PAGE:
[00:12:00] JOSH: yeah, no. I watched the movie. It was really good. I enjoyed it very much, but I don't get the sense from watching it.

[00:12:07] Oh, okay. This is the guy who has to do the next star wars, except that the moments between the characters, he clearly demonstrates in that, in that movie, he can direct actors, he can work with actors and he can direct action. And I feel like what happened with Richard Marquand is sort of what happens now.

[00:12:25] When, you know, somebody like a Gareth Edwards or like a Ryan Coogler, or like, a column Trevor, like you have an indie hit, right. And then you immediately get scooped up by some studio to make a franchise movie. Like you do a Marvel movie or a star wars movie, frankly, like,

[00:12:43] yeah.

[00:12:44] MICKEY: And what, and it was like Lynch was also a possibility too, and would have been the same

[00:12:46] JOSH: Yes.

[00:12:47] MICKEY: because 83, what did, when she even do, he would have been super Indy

[00:12:50] at that point.

[00:12:51] FREY: before

[00:12:52] JOSH: no. Well, he had done a razor head and he had done a yes. And he had won the Oscar for, for ultra man. I think he won an Oscar. I think that movie won an Oscar. Didn't it? I don't know. Anyway. Yeah. As a huge David Lynch fan, I would've loved to have seen the David Lynch return of the Jedi, but I think we, kind of know what that is.

[00:13:08] It's it's dune. Yeah. and I don't know if you guys are familiar with the story, how David Lynch recounts, the meeting that he had with George Lucas. he says that he met with him and they went out to some restaurant for lunch that only served salad and he thought that that was very weird and. George Lucas was describing the movie would Lynch had this, like this awful headache. And he couldn't really concentrate on what, on what George Lucas was saying, he was like, and then he was talking about these like little Teddy bears or whatever.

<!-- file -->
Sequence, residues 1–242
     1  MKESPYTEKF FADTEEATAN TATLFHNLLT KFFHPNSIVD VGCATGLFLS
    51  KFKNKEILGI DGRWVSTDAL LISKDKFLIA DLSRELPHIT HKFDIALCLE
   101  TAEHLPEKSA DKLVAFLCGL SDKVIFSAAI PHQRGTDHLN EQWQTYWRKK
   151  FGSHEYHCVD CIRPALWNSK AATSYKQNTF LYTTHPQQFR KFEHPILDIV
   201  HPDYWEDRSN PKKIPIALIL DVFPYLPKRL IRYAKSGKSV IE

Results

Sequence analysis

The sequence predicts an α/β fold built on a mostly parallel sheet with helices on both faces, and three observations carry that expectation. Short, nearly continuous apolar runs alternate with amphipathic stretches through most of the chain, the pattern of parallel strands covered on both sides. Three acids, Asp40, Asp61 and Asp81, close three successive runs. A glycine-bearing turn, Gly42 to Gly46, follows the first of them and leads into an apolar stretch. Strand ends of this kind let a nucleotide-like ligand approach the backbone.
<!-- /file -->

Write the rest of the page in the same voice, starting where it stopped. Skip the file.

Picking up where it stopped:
[00:13:36] And, in my head was just throbbing. And eventually I said, George, like, does it really seems like you're your baby. Like, you have an idea for what this is. you should direct us. Like, you don't need me to do this. And I that was a very canny thing that he understood.

[00:13:49] He got the sense that, oh, he wants someone that he can tell what to do. And I think in Markwan, he had a director that was, um, willing to

[00:14:00] RUSS: Pliable.

[00:14:00] JOSH: collaborate. Yeah.

[00:14:02] to be generous.

[00:14:03] MICKEY: having to do with the DGA was.

[00:14:05] FREY: Oh, yeah,

[00:14:06] JOSH: I mean, that's certainly true.

[00:14:07] FREY: but there's also other parts of the needle that, uh, kind of maybe just cause I was watching it in the context of star wars and like how in my connected, but I mean, it takes place. Most of it takes place island called storm island

[00:14:19] like it's storming there and there's like a cliff side and I was like, this is kind of like a star wars planet, like

[00:14:24] this, the setting of it.

[00:14:25] and also like you said, yeah. I think more than even the other star wars movies, there are kind of like actor moments and return of the Jedi.